NROTC Scholarship

Discussion in 'ROTC' started by USNA2017, Jan 24, 2013.

  1. USNA2017

    USNA2017 Member

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    When an applicant is awarded a NROTC Scholarship, does it say which college the scholarship is awarded to or is a NROTC Scholarship to any college of the applicant's choice. Never really understood how this worked..
     
  2. kinnem

    kinnem Moderator

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    It's awarded to a specific college or colleges. It's usually one of the 5 that the applicant lists in their application, but in extremely rare circumstances it's some other school.
     
  3. DeskJockey

    DeskJockey Member

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    You can find the answer to your question, and just about anything else you would want to know about NROTC scholarships, on the official website:

    http://www.nrotc.navy.mil/apply.aspx
     
  4. Usafa2017

    Usafa2017 2017Cadet

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    I received a scholarship today. The message said:


    "Congratulations!
    You have been selected for a 4-yr Navy Option scholarship.
    Your scholarship has been placed at [School].
    Your host unit will be [School].


    You will be notified in writing of your selection status approximately two weeks after the information is posted on this web site. The letter includes a questionnaire which must be returned immediately. The award of the scholarship is contingent upon meeting all the requirements listed in the notification letter, including being found medically qualified or waived for the NROTC Program."
     
  5. USMCGrunt

    USMCGrunt Member

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    Congratulations on the scholarship!

    From here, you will have a little bit of paperwork (30 days to complete - I think) and then the DODMERB physical evaluation.

    You have entered the next phase of the process!
     
  6. NROTC_HOPEFULLY

    NROTC_HOPEFULLY Member

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    does anyone have any idea how many scholarships are left? have most of the scholarships already been awarded, or have a majority not yet been awarded?

    Thank you
     
  7. cb7893

    cb7893 Member

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    Can't help you with your question. You have reached for the moon and more qualified candidates are applying for every manner of scholarship.

    I will tell you that Vanderbilt would be an excellent choice if you don't get first choice. DS visited. They were awesome. I don't want to say they were laid back, but they understood that if the candiadte gets admitted to Vandy and a 4 yr ROTC scholarship, that there is a certain amount of mitivatrion which doesn't need to be proven on a daily basis. Just keeping up with Academics and ROTC would be challenge enough. VU also has one of the best urban locations you could possibly imagine.
     
  8. dunninla

    dunninla Member

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    I can only speak for how it went two years ago. By November the most popular/expensive Battalions were about 95% full... TAMU, U of San Diego, Boston U, Tulane, Villanova, George Washington, etc.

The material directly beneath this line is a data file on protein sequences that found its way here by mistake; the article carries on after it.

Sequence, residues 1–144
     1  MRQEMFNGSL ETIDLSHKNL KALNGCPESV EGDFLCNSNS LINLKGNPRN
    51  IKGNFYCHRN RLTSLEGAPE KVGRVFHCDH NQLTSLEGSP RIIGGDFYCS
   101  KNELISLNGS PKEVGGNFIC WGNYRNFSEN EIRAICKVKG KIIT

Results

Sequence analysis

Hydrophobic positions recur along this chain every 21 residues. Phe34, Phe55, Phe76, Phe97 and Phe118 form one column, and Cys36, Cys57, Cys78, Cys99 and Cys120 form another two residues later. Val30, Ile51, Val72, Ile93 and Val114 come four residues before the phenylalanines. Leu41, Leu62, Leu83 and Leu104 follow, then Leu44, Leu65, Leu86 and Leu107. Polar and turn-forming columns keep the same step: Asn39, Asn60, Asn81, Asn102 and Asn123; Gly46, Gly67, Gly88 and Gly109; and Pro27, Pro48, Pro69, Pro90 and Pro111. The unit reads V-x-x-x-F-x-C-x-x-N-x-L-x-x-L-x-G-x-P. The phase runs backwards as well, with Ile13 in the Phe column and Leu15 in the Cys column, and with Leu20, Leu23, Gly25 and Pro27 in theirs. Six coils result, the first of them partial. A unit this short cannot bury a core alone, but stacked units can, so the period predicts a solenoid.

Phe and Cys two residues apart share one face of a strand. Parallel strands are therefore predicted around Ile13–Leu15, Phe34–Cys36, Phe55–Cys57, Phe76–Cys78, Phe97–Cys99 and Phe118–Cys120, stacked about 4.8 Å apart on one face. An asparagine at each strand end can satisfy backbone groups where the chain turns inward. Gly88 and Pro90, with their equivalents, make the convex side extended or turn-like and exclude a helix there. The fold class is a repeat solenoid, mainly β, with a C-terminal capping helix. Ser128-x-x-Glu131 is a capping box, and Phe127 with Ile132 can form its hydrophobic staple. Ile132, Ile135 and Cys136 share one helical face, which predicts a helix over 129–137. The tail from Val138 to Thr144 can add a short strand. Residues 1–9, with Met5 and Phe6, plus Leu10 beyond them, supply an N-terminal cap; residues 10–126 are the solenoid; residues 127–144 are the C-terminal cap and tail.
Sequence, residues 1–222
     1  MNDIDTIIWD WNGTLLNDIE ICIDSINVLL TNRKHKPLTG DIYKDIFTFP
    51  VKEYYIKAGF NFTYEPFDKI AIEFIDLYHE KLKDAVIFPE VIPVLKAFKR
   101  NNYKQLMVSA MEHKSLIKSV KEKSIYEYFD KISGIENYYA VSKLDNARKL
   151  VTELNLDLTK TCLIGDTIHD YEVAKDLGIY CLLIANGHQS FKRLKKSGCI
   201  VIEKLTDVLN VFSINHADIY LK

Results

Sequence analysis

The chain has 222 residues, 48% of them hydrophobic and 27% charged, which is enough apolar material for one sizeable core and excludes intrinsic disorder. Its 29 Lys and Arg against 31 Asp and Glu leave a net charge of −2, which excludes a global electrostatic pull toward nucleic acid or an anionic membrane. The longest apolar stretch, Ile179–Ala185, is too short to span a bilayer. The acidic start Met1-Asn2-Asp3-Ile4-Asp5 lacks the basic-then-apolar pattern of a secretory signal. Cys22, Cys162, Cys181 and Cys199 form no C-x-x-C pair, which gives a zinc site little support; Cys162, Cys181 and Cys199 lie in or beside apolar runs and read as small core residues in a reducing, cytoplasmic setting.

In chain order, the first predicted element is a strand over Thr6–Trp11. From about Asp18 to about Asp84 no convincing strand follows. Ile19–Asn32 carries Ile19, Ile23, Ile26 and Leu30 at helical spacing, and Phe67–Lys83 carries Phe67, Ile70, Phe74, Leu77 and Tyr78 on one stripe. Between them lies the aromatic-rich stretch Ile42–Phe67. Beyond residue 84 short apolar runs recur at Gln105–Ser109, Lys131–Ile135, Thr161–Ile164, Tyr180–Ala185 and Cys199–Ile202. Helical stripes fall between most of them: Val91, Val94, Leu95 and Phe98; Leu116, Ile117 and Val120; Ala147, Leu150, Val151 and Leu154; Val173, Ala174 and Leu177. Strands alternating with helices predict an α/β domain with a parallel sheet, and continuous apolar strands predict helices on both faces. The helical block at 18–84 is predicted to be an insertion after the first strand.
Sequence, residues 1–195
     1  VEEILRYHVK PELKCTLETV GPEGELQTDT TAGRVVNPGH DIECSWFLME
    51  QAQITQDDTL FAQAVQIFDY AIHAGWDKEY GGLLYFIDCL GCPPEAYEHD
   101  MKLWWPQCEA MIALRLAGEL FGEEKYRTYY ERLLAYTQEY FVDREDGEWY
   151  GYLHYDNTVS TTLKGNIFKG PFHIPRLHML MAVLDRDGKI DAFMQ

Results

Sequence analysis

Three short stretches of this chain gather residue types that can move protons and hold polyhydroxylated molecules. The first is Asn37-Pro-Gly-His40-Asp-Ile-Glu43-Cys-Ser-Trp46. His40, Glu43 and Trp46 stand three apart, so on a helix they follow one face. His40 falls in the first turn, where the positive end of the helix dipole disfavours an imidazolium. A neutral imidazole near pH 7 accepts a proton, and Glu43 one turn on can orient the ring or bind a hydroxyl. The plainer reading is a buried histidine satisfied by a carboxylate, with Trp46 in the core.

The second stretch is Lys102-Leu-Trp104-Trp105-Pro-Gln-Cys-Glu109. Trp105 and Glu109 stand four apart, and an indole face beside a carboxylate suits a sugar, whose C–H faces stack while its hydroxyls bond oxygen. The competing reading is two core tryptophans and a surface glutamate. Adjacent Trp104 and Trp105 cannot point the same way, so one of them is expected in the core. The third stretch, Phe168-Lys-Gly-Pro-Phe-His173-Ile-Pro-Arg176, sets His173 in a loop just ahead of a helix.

On the other hand, Battalions at hard-to-get-into large Publics like UCLA, Berkeley, Michigan, often have openings all the way into May. Battalions at impossible-to-get-into schools like Yale, Harvard, Stanford, Northwestern, etc. often never fill their mission b/c most of the scholarships awarded to those schools are to scholarship awardees who don't get into the school through admissions. So there isn't any way for that award to get used unless somebody gets in who was awarded a scholarship to another school, and puts in for a scholarship transfer.
     
    Last edited: Jan 25, 2013
  9. USMCGrunt

    USMCGrunt Member

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    To add to dunninla's comments:

    (Dated information) not too long ago, Marquette University in Milwaukee used to have openings at the end of the whole process for NROTC candidates. Seems students and ROTC candidates who apply here use it as a back up to Notre Dame, etc.

    So after the first round and the subsequent shuffling, there may be schools with openings available.

    If you search for posts from P-Flying17, she lists the schools that traditionally fill up first.
     
  10. NROTC_HOPEFULLY

    NROTC_HOPEFULLY Member

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    Are you talking to me? I am not sure what difference it would make to the navy whether I want a scholarship to Yale (40,000 per year) or someplace like BU (also 40,000). And I am pretty sure I have a chance (a CHANCE) at getting in to some of those top schools to which I have applied. But not much point in speculating now.

    Ok. I will try to keep that in mind. And thank you for your advice about vanderbilt.
     
  11. sandnnw

    sandnnw Member

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    Speaking of VU, my son received an e-mail from NROTC that he was awarded a 4 yr scholarship at Vandy. He's also the nom for USNA in our congressional district.

    We are patiently awaiting a medical waiver for both. I plan on contacting the PMS at Vandy and touring the NROTC program, get his take on VU vs Annapolis.

    Being a VU Alum, commissioned AROTC, semi-retired AF (I know - long story), I'm kinda biased, so I'm trying to keep out of this process, as much as a dad can anyway. I know which one I'd choose and what many of you would as well, but he has to live with it for four years.

    Such an exciting time for all you young folks, hope the hard work pays off.
    I wish you luck, keep reaching for that moon!
     
  12. sandnnw

    sandnnw Member

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    Hey cb7893,

    forward you message to the following: